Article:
13 students awarded undergraduate research funding

Thirteen Oglethorpe students have received undergraduate research awards from Oglethorpe’s Student Research Development Fund, distributed annually. The students are majoring in a range of disciplines, including biology, biopsychology, psychology, sociology, English, and comparative literature.

Funding applications were evaluated by a committee comprised of Dr. Lea AlfordEli ArnoldDr. Nick BujakDr. Beth ConcepcionAlyssa KowisDr. Glenn Sharfman, Dr. Karen Schmeichel, and Dr. Justin Wise.

This year’s recipients are:

Syeda Bano ’20, Politics and Sociology major – Bano will present her research on identity development and identity salience of Southeast Asian college students in the southeastern United States at the Annual Southern Sociological Society Conference in Florida in April 2020.

Yasmin Tehrani ’20, International Studies and English major – Tehrani will present her paper titled “Mrs. Dalloway and the Membrane Between Selves” at the International Sigma Tau Delta Conference in Las Vegas, Nevada. Her paper follows the ways in which Virginia Woolf constructs Clarissa Dalloway as an active agent able to cross the “membrane” (threshold between separate consciousnesses) and make intimate connections on the non-verbal, physical level.

Ariana Jimenez ’20, Biology major – Jimenez will attend the American Society of Cell Biology Annual Conference in Washington, D.C. to present their research on ciliary assembly using the genetic model organism Chlamydomonas reinhardtii, a unicellular green algae with two cilia.

Alex Prots ’20, Biology major – Prots has conducted surveys with visitors of three different bays on the West (Kona) Coast of Hawaii, and she will take her findings to the National Conference on Undergraduate Research (NCUR) in Bozeman, Montana in March 2020.

“Our overall goal for this project is to encourage, if not pressure, stronger conservation policy and increase funding for educational signs that inform people on appropriate behavior before the damage done to these dolphins is irreversible and we see yet another species go extinct due to human negligence,” Prots explained in her application.

Lexi Covalsen ’20, English and Comparative Literature major – In March 2020, Covalsen will return to the Sigma Tau Delta international conference in Las Vegas, Nevada to present an essay titled “Defining Trauma in the Graphic Novel.” The essay seeks to break down how the combination of visual art, literary art, and personal confession within the graphic novel allows the medium to act as a processing of authors’ personal traumas.

Fernanda Rodrigues ’20, English and Comparative Literature major – In March of 2020, Rodrigues will attend the Sigma Tau Delta international conference in Las Vegas, Nevada to present on her critical essay titled “The Satirical Happiness in ‘Mad Men,’” which focuses on her analysis of how the television series uses satirical view of 1960s America in similar literary techniques present in Samuel Clemens’ texts.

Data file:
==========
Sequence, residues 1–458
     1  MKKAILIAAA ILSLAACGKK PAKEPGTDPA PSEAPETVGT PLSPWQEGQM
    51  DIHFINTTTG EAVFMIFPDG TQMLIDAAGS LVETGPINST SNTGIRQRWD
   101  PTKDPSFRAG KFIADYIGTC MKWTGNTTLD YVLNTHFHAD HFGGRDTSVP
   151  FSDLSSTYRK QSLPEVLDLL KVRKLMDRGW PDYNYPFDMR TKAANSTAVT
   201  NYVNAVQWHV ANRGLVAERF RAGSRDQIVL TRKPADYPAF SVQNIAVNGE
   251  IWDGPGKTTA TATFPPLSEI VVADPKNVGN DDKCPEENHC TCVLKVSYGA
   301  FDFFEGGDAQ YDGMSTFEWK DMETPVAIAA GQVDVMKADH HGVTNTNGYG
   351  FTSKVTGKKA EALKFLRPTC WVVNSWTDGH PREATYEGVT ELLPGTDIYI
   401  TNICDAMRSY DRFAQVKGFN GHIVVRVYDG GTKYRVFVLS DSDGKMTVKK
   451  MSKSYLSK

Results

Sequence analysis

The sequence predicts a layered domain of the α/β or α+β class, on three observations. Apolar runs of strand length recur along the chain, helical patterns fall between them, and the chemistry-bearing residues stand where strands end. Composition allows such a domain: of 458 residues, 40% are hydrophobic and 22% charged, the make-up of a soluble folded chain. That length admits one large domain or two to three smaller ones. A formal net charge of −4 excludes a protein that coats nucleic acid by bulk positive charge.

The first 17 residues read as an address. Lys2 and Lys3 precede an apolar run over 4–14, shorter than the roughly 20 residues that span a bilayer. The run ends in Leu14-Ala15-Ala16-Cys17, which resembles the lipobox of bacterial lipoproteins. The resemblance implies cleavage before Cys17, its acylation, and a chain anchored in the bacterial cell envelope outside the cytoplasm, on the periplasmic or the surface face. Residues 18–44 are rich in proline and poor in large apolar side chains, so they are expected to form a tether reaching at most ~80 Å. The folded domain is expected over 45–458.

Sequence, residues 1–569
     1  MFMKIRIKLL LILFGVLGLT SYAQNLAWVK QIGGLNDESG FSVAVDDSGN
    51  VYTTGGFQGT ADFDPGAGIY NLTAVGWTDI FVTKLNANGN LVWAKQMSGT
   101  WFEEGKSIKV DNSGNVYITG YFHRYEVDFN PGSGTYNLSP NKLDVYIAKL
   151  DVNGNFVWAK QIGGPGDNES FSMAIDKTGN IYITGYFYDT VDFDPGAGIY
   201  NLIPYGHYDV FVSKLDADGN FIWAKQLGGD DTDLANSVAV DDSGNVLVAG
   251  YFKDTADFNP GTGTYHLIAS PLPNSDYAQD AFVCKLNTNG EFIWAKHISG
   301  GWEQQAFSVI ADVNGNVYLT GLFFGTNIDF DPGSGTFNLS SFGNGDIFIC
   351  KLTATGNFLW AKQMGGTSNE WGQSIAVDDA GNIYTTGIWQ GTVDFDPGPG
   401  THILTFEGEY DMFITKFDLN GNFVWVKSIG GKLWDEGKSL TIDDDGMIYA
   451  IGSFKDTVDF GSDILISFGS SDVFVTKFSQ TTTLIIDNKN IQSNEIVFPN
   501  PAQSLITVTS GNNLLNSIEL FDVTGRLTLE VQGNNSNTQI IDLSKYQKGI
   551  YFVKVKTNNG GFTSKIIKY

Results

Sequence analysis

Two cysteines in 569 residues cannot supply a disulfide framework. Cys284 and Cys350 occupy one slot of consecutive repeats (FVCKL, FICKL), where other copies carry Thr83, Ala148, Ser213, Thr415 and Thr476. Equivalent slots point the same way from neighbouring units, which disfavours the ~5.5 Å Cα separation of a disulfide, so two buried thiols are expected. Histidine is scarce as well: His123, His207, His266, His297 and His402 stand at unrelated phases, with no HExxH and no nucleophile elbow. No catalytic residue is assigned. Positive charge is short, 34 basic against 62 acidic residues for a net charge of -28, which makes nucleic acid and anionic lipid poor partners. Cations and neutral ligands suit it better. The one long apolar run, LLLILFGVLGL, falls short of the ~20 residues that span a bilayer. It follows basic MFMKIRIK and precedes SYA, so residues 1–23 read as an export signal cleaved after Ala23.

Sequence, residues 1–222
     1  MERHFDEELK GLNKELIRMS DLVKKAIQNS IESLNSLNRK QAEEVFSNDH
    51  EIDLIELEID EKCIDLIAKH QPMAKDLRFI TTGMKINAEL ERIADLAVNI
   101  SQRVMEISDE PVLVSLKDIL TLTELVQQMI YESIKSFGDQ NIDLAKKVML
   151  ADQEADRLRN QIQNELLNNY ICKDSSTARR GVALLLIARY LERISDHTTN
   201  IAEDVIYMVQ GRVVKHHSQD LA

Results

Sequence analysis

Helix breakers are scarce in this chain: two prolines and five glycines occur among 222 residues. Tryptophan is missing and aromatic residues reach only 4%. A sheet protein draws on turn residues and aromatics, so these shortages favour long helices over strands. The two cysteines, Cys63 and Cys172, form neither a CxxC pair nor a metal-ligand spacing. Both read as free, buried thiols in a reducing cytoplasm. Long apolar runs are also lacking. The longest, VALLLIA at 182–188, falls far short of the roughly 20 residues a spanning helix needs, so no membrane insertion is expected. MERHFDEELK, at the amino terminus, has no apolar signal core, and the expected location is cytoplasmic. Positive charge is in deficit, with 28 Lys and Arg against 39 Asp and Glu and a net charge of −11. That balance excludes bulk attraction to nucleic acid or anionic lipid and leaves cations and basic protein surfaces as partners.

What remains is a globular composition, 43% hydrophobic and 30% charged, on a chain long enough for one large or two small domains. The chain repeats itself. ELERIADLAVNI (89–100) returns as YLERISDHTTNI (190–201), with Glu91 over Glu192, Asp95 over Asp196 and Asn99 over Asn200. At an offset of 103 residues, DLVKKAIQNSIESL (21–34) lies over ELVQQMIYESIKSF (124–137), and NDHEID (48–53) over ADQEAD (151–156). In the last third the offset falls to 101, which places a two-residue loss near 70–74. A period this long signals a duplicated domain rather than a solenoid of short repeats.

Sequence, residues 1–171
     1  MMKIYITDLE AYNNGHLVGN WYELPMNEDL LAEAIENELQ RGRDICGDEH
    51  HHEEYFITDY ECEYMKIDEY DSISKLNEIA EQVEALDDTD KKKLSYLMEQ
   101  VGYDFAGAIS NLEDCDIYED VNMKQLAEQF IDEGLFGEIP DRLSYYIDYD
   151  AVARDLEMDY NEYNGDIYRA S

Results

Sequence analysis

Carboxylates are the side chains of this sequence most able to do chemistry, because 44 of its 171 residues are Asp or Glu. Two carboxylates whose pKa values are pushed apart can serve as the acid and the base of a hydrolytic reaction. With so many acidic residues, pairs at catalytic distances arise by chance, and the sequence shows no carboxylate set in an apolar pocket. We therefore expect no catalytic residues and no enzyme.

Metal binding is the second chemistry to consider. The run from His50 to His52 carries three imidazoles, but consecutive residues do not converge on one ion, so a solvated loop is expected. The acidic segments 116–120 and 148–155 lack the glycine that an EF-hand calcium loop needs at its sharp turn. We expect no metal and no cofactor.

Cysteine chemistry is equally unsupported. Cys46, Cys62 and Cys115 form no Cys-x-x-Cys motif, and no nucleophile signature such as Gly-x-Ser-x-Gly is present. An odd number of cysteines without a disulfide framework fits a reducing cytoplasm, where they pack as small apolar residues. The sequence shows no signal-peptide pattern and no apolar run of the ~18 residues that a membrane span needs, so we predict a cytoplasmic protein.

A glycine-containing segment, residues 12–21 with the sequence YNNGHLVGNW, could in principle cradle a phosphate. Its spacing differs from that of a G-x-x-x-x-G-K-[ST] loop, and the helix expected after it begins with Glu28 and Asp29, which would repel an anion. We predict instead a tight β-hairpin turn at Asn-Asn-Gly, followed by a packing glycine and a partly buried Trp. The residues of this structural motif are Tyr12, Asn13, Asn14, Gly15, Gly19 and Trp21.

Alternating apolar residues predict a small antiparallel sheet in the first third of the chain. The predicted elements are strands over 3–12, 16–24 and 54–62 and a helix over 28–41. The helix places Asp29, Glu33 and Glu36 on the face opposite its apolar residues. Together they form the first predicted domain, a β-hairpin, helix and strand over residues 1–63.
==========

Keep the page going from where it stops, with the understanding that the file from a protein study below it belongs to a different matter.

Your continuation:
Jaime Croft ’20, Biopsychology major
Andrew Aycock ’20, Biopsychology major
Croft and Aycock will present research at the Southeastern Psychological Association conference on the possible predictors that could influence attitudes towards cheating in college students The project looked at how cognitive ability, academic self-efficacy, sense of belonging in school, and locus of control could influence attitudes towards academic dishonesty.

“Academic dishonesty has been an issue of concern for colleges and universities, particularly with technological advances that make cheating easier,” explained Aycock in his application. “Understanding the predictors of attitudes toward cheating can potentially lead to interventions that reduce cheating behavior.”

Emily Schultz ’20, English and Psychology major
Mikayla Ries ’21, Psychology major
At the Southeastern Psychological Association conference, Ries and Schultz will present on their study that investigated how signature location might influence participants’ honest self-reports of their own personality.

“Our study’s results suggest future directions for research. The results are especially important to Oglethorpe as we abide by an honor code that seeks to increase honest behavior,” said Ries in the application.

Jalisa Kassam ’20, Biopsychology major – Kassam tested factors in students influencing attitudes toward cheating and academic dishonesty. Using surveys to conduct the research, she tested the variables of self-efficacy, cognitive ability, and locus of control to see if they were predictors of attitudes toward academic dishonesty. She will present her findings at the Southeastern Psychological Association Conference held in New Orleans in April 2020.

Erin Battaglia ’20, Psychology major – At the 2019 Liberal Arts and Sciences Symposium (LASS) / Posters of Research in Science and Mathematics (PRISM), Battaglia presented work on the effect of severity and type of trauma on the social response to victims. The research suggests that participants responded more to the severity of the survivor’s symptoms of distress post-trauma than to the severity of the trauma itself.

Lane Sticher ’20, Communications and Rhetoric Studies major – Sticher will present at the Sigma Tau Delta International Conference in Las Vegas, Nevada in March 2020. There, she will present her research paper titled “Primetime and the Oppressed Mother.” This research paper looks at how primetime television represents women and how working moms are depicted on television.

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